Los Angeles-based rock band The Shelters are serious about polishing their sound and perfecting their showmanship. The electrifying foursome consisting of guitarists and vocalists Chase Simpson and Josh Jove, drummer Sebastian Harris, and bassist Jacob Pillot know nothing other than to sequester themselves in the recording studio around the clock to make their refreshing hybrid of rock and roll.
The musicians came under great tutelage, learning the ins and outs of recording, production, and the craft of songwriting from veteran rocker Tom Petty. As a matter of fact, the legendary Rock and Roll Hall of Famer co-produced the band’s self-titled, four-track EP released this past October via Warner Bros. Records.
“It’s been a complete blessing and the most amazing experience I think in all of our lives,” says a long-haired Simpson, the band’s most vocal member, relaxing in the band’s tour bus before opening for label mates The Wild Feathers at Terminal West in Atlanta. “He’s not gonna shoot down an idea completely. He’ll tell you straight up what’s wrong with something. It’s a really special thing.”
Petty voluntarily gave The Shelters the keys to his home studio after catching one of the quartet’s earliest performances. The Shelters’ bouncy debut single “Rebel Heart,” written by Simpson and Jove, the band’s main songwriters, is a raw ode to rockabilly birthed out of the initial demos The Shelters recorded autonomously.
The remainder of the EP consists of the garage rock-styled “Birdwatching,” Petty and the Heartbreakers-like “Fortune Teller,” and The Doors-sounding “The Ghost is Gone.” “That was the beginning of Tommy turning us loose in the studio,” Simpson continues, taking a few sips of coffee.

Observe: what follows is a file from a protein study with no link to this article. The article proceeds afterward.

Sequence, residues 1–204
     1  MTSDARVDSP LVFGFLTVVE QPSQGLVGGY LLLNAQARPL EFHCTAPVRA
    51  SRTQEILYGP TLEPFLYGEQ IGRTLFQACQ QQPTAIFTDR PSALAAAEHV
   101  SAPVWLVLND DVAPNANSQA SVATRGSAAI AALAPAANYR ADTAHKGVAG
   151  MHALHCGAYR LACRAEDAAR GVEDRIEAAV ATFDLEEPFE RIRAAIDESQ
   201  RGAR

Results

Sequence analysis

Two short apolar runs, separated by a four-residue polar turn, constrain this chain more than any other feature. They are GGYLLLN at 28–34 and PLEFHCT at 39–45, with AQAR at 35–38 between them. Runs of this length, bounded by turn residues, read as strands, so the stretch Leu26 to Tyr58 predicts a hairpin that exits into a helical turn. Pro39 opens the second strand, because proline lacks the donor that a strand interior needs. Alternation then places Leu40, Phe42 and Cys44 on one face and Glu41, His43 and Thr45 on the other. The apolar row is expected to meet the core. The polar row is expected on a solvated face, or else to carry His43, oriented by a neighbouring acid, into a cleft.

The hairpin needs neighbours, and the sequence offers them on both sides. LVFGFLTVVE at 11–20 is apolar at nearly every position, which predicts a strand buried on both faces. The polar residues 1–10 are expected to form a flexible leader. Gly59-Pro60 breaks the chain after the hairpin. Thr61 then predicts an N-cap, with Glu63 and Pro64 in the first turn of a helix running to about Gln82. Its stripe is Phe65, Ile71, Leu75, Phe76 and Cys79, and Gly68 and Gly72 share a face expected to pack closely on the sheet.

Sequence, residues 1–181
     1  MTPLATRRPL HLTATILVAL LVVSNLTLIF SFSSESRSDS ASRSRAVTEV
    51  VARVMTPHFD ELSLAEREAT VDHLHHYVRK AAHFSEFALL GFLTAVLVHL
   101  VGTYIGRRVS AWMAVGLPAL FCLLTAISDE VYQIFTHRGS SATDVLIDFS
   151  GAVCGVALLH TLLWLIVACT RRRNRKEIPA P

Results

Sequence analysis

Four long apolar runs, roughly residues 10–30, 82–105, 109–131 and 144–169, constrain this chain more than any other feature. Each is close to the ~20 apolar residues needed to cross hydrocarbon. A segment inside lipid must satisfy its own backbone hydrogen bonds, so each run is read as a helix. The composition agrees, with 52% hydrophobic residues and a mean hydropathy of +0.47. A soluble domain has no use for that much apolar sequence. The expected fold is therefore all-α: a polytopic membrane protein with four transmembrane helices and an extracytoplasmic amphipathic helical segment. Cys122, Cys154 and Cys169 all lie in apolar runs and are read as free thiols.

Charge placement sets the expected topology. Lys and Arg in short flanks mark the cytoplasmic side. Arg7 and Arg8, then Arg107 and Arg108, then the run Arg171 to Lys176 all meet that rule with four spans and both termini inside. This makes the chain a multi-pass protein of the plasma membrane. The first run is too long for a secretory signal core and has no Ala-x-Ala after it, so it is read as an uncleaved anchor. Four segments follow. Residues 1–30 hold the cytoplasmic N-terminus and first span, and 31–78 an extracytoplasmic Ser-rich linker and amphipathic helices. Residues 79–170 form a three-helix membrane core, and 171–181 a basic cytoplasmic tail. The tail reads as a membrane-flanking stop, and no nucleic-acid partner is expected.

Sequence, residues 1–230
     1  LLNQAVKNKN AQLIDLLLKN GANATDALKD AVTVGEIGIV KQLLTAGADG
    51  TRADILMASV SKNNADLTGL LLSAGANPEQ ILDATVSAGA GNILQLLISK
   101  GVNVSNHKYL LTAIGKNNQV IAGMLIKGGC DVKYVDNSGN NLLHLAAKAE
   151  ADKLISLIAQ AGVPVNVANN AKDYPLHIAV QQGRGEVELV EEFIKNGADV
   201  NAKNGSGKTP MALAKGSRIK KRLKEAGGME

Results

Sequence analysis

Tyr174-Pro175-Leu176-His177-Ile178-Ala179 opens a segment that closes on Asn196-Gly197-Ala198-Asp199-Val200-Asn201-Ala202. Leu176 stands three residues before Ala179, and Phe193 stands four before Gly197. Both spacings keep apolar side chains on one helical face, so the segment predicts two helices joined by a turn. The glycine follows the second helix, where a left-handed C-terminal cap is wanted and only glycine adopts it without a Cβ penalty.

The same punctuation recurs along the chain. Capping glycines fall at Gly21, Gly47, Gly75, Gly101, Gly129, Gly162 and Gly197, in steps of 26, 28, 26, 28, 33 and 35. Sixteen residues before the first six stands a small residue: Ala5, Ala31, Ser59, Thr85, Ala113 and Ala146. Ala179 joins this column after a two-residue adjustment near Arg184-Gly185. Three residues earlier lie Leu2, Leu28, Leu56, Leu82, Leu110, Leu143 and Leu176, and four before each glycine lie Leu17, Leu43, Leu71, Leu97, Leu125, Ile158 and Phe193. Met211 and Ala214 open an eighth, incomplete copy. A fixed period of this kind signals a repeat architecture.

“It got everyone excited about the whole project. That was the beginning of us learning how to use the studio. We didn’t really know anything besides what our ears were telling us.”
The Shelters came together in 2014 after Simpson, Jove, and Harris played in another band, Automatik Slim. Pillot rounded out the group soon after. The Shelters have already opened for or shared stages with The Kooks, Gary Clark, Jr., and Broncho. For a short stint, the band actually didn’t have a name.
“It’s the kind of music that could only be made right now,” says Simpson, coining the band’s sound as “California.” “We have deep roots in surf rock, psychedelic music, British Invasion and the blues, so it’s that culmination of sounds. It’s fuzzy but melodic.” Family and friends chimed in with their suggestions about band names, too, but it was Simpson who ultimately decided on The Shelters.
The casual musician thinks The Shelters sounds cool and accurately reflects the band’s focus. “We were sheltered from the world during that time, and everyone seemed to like it,” recalls a leisurely Simpson still sipping coffee. “We just focused on songwriting. We hadn’t started playing shows. It was always in the back of our minds, so it seemed very fitting.”
The Shelters’ self-titled debut studio album is slated for a June 10th release. Simpson believes signing with Warner Bros. in an era of YouTube and subscription streaming could still expose them to a wider and broader audience.
“[Warner Bros.] is about developing careers with us and developing us as a band,” proclaims Simpson. “They don’t expect us to sell a million records out the gate. It’s the best option that we had.” The EP is The Shelters’ primary bait in the meantime, along with touring, for connecting with listeners.
The Shelters are confident that its sound will fully catch on and garner a loyal following for them. “We came out of the studio, so we needed a way to share our music with people so we could build that,” says Simpson.
“We try to pick songs that are very versatile. The EP is a good sampling of what’s to come on the record. We can’t wait to keep making music and sharing it with everybody.”
SEE The Shelters on tour
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